Today we welcome a guest contribution from Dr. Jacob Randolph. Jacob Randolph, Ph.D., is a Postdoctoral Research Fellow in the Department of Religion at Baylor University. He is a cultural and religious historian whose research focuses on imagination, gender, and identity formation in medieval and early modern religious communities. His publications appear in Church History, Baptist History & Heritage, and Church History & Religious Culture. His recent article, “Tough and Tender: Theology and Masculinity in the 1991 Baptist Hymnal,” was awarded the 2022 Julian Gwyn Essay Prize in Baptist and Anabaptist History and Thought, Acadia Centre for Baptist and Anabaptist Studies.
“Liturgy is warfare,” the tweet read. “And if the Church had not forgotten that liturgy is warfare, she would never had entertained the horrible notion that women should be ministers. What man sends his wife, daughter, mother, or sister into the front lines of battle? No real man would ever do that.” The quote was not from one of many swashbuckling, “men do hard things” Christo-phallic pop accounts that lurk on the dark corners of Twitter. No, it was from Theopolis Institute, a well-known organization that provides theological resources for liturgically sensitive evangelicals.
As I read this peculiar essay, I was struck by the irony of its short-sightedness, despite being a call to theological retrieval of the old paths. What was it that the Church had forgotten? That spiritual warfare was restricted to men? If anything, the evangelical church has forgotten that women stood on the front lines of spiritual battle beginning with the first Christian martyrdoms. While it is true that women in the Latin West were (almost) never anointed to priesthood, this fact had no bearing on whether women had been sent to the front lines of the spiritual battlefield. In fact, female religious and martyrs in the West were frequently portrayed as milites Christi—soldiers (and later, knights) of Christ. Following the example of Gregory the Great, both male and female medieval religious took Job 7:1 as a sort of motto for their vocation: militia est vita hominis super terram—a person’s life on earth is warfare.
This observation is a nod to a needed historiographical intervention in evangelical spaces. A growing chorus of evangelicals have argued for the retrieval of patristic and medieval sources as a cure for what ails the evangelical church. By observing the continuity of tradition, it is thought, we may more easily see what is novel and potentially heterodox. In many cases, the supposed novelties include expansion of theological language to include genderless or feminine descriptions of God. In other cases, like the Theopolis Institute tweet referenced above, women who assert themselves in traditionally masculine realms are labeled as the enemies of tradition. Modern gender theory has encroached on the unchanging tradition of the church, so they say, and it’s up to the church to align itself with church tradition (i.e., gender dualism and masculine language for God). The problem is that such self-described traditionalists assume too much about the tradition they claim. In the felt urgency of the cultural moment, they glance too quickly and mistake a mirror for a window.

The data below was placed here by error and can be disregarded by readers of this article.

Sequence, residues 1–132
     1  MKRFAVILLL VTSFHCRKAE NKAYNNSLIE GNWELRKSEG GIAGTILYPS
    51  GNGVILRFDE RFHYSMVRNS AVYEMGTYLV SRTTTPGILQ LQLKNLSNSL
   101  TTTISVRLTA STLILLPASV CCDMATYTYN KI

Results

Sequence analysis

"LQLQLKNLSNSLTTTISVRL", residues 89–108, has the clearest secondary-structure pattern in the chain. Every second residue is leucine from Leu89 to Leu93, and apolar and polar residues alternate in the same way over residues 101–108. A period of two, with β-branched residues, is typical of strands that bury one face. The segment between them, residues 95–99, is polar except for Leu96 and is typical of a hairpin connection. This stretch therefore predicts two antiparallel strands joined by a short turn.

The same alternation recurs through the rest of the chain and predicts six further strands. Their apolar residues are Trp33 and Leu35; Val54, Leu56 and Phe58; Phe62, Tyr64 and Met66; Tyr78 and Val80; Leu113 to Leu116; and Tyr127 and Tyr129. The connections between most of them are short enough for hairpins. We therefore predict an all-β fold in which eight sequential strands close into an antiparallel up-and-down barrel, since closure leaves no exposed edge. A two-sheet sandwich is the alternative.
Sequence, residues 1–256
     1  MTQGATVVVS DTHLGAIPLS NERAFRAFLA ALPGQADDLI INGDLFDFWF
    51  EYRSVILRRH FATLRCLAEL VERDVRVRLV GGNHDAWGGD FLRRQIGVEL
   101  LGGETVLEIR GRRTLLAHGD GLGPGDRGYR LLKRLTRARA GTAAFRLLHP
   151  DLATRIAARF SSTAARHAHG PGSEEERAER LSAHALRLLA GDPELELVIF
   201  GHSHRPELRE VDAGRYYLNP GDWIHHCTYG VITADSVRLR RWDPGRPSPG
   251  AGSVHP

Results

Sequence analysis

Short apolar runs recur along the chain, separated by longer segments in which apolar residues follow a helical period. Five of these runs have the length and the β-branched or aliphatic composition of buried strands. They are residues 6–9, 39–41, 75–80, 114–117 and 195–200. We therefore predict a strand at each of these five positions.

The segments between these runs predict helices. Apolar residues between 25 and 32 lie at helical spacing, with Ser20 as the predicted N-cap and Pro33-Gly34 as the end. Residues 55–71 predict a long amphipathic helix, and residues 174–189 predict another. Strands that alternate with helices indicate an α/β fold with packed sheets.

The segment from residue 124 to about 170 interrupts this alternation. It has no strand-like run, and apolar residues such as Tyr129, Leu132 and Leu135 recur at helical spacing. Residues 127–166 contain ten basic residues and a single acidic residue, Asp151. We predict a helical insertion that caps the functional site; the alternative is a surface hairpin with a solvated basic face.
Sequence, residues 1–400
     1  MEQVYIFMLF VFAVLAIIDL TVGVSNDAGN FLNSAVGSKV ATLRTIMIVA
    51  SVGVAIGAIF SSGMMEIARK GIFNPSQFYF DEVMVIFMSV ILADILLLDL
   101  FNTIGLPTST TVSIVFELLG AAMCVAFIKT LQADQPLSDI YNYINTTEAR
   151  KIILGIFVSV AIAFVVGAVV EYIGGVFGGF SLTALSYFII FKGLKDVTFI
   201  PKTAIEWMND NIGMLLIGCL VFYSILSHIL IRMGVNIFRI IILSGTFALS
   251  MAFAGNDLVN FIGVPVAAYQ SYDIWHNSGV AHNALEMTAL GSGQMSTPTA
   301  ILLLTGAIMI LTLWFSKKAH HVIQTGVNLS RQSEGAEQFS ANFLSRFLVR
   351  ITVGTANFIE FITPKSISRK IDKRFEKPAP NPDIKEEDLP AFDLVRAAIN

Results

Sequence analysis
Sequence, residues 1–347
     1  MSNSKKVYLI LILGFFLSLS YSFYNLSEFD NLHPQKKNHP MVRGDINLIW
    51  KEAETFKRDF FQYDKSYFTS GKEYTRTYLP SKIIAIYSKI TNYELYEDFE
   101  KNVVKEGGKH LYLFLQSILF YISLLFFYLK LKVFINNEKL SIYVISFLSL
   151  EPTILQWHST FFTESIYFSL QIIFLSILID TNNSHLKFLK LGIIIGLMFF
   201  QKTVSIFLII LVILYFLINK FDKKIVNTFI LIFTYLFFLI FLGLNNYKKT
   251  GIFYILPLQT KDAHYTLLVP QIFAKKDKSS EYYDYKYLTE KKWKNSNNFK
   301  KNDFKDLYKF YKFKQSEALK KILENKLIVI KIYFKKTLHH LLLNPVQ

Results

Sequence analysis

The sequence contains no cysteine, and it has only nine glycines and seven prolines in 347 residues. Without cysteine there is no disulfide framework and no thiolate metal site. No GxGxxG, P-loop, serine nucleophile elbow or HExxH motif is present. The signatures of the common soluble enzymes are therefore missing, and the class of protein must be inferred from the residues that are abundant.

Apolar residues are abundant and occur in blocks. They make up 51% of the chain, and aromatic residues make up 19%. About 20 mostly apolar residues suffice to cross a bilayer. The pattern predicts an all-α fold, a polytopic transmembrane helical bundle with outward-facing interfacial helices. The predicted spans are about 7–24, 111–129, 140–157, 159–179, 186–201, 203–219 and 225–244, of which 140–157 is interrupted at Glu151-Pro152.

For many medieval authors—especially the experiential mystics or visionaries—it was the colors of religious imagination and not the precision of scholasticism that guided their journeys to the divine. As Barbara Newman writes in God and the Goddesses, “imaginative theology” was dynamic and unsystematic in its approach, using images and the “devices of literature” such as “metaphor, symbolism, prosopopoeia, allegory, dialogue, and narrative” (298). Newman traces medieval Christians’ frequent encounters with feminine divine mediators in a Christianized pantheon. She writes that Christian Platonism, essential as it was for medieval theorizing about the immaterial world, was not restricted to the scientific theologies of scholasticism. Rather, “in medieval imaginative theology, the one God was surrounded by—and manifested through—any number of goddesses…[following] a characteristically Platonic arc of emanation and return” (292). What may be even more astounding to modern readers is that the frequent use of “female God-talk” was not considered notable, much less heretical. “Medieval heresy-hunters,” Newman says, “concerned themselves primarily with threats to ecclesiastical power, secondarily with speculative ideas—and not at all with poetic or devotional imagery. Even if they had been literary critics, however, it is unlikely that representations of Nature, Divine Love, or Wisdom as goddesses, or of Jesus as mother, would have disturbed them” (309).
My research deals with the ways that medieval contemplation was culturally embedded. I’m particularly interested in the intersection of feminine depictions of God with that most masculine of enterprises in the medieval period: chivalry. Medieval religious could envision God in female images and erotic innuendo, and women religious often portrayed themselves using intensely masculine images. Chivalry and courtly love energized religious writing in the High Middle Ages, offering a fitting metaphor for spiritual warfare and its goal: the singular pursuit of intimacy with God. Elsewhere, I have written on the fourteenth-century Dominican pastor Henry Suso and his courtly pursuit of Christ in the figure of Sapientia, Lady Wisdom. Here, I’d like to offer one brief example from thirteenth-century Germany that illuminates the interplay between chivalry and devotion to the feminine divine.